with vntowardneffe of houldynge his bowe, and
nockynge his fliafte, not lookyng to his ftryng be-
tyme, put his bowe alwayes in ieoperdy of breakynge,
and than he were better to be at home, moreouer he
fhal ihoote very fewe fhaftes, and thofe full vnhand-
fumlye, forne not halfe drawen, fome to hygh and fome
to lowe, nor he can not driue a fhoote at a tyme, nor
floppe a fhoote at a neede, but oute mufte it, and
verye ofte to euel profe.
jjjjji. And that is bell I trow in war, to let it go, and
not to floppe it.
3C0I. No not fo, but fomtyme to houlde a fhafte at
the heade, whyche if they be but few archers, doth
more good with the feare of it, than it mould e do if it
were mot, with the ftroke of it.
pjjf. That is a wonder to me, yat the feare of a difplea-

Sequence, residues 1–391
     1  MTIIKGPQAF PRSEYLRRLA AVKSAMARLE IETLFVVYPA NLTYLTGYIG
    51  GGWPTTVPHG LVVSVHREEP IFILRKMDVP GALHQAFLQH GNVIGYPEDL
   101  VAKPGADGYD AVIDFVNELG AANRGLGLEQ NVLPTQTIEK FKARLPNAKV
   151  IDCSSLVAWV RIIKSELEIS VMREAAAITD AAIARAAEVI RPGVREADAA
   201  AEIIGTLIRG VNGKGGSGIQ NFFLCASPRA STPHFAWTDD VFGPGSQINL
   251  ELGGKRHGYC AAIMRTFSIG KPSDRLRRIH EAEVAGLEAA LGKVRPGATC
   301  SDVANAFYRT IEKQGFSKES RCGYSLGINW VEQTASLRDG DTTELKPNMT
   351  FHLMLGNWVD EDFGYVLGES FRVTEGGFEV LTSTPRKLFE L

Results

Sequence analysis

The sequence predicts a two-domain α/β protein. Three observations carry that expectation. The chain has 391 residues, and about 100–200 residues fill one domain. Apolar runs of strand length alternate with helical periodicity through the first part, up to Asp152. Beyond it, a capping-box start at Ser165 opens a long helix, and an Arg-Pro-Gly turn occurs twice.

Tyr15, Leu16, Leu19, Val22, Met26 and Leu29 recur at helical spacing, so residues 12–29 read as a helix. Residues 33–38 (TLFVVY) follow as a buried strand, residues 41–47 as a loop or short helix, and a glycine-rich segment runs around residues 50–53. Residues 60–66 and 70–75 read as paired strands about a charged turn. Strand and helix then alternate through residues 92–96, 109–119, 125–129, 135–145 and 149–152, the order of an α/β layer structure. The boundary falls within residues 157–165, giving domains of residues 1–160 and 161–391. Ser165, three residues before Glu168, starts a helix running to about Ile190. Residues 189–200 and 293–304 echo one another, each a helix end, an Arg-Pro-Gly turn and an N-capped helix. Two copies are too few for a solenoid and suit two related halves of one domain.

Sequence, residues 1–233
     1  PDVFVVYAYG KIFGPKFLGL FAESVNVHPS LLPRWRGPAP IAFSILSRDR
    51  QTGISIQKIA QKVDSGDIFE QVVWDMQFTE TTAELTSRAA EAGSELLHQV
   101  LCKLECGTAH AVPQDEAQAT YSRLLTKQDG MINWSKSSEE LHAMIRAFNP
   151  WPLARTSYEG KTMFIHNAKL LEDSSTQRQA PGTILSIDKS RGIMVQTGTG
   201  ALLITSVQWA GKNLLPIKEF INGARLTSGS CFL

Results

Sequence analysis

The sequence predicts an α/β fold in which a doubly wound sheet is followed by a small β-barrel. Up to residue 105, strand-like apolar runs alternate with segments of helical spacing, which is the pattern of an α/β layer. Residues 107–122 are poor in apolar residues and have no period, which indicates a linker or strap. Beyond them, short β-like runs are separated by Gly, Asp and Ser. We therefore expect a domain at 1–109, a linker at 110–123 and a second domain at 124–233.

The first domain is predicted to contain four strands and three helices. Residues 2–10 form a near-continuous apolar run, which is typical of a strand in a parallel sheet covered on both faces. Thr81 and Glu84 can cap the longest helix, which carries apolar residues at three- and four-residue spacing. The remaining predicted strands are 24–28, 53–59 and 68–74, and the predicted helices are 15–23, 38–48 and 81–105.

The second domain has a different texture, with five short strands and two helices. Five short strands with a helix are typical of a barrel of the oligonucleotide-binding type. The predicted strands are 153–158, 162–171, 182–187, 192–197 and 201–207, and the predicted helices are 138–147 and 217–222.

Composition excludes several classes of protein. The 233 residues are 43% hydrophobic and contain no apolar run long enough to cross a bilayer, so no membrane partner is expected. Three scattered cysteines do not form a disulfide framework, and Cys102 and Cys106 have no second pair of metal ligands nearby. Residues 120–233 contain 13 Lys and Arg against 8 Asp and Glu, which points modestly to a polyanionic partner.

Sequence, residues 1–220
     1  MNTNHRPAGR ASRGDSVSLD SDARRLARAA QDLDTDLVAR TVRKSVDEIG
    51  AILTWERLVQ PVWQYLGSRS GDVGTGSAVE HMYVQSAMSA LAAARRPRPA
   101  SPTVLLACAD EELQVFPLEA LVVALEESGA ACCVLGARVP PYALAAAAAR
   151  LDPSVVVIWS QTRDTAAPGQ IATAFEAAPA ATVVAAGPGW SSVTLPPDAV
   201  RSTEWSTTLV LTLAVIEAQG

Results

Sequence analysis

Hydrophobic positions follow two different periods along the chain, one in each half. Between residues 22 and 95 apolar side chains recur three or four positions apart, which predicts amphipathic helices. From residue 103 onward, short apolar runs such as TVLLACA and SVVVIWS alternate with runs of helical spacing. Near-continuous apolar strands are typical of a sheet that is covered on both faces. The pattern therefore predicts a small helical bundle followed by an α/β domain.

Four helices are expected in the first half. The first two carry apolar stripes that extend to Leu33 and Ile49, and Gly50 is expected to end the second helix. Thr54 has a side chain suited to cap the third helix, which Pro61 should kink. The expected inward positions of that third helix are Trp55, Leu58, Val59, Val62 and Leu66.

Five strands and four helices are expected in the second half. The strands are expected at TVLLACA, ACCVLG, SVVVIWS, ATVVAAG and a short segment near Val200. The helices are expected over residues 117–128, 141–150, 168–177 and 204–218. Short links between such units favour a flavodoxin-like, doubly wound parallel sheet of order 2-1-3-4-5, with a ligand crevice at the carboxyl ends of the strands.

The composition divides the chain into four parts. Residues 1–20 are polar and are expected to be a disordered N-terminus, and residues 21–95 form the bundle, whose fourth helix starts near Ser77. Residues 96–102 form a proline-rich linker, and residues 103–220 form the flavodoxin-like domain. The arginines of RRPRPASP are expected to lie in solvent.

fure, fhoulde do more harme than the difpleafure it felfe.
Stox. Yes, ye knowe that a man which e fereth to be
banylhed, out of hys cuntrye, can neyther be mery,
eate, drynke nor fleape for feare, yet when he is ban-
ifhed in dede, he flepeth and eateth, as well as any
other. And many menne doubtyng and fearyng
whether they moulde dye or no, euen for verye feare
of deathe, preuenteth them ielfe with a more bytter
deathe then the other death moulde haue bene in
deade. And thus feare is euer worfe than the thynge
feared, as is partelye proued, by the communication
of Cyrus and Tigranes, the kynges funne
of Armenie, in Xenophon. 1"'pe '3*
Pfji. I graunte Toxophile, that vfe of Ihotyng
maketh a man drawe flrong, to moote at moll aduaun-
tage, to kepe his gere, whiche is no fmall thinge in war,
but yet me thinke, that the cuflomable ihoting at
home, fpeciallye at buttes and prickes, make nothynge
at all for ftronge mooting which doth mofte good in
war. Therfore I fuppofe yf men fhulde vfe to goo
into the fyeldes, and learne to mote myghty flronge
fhootes, and neuer care for any marke at al, they
fhulde dp much? better.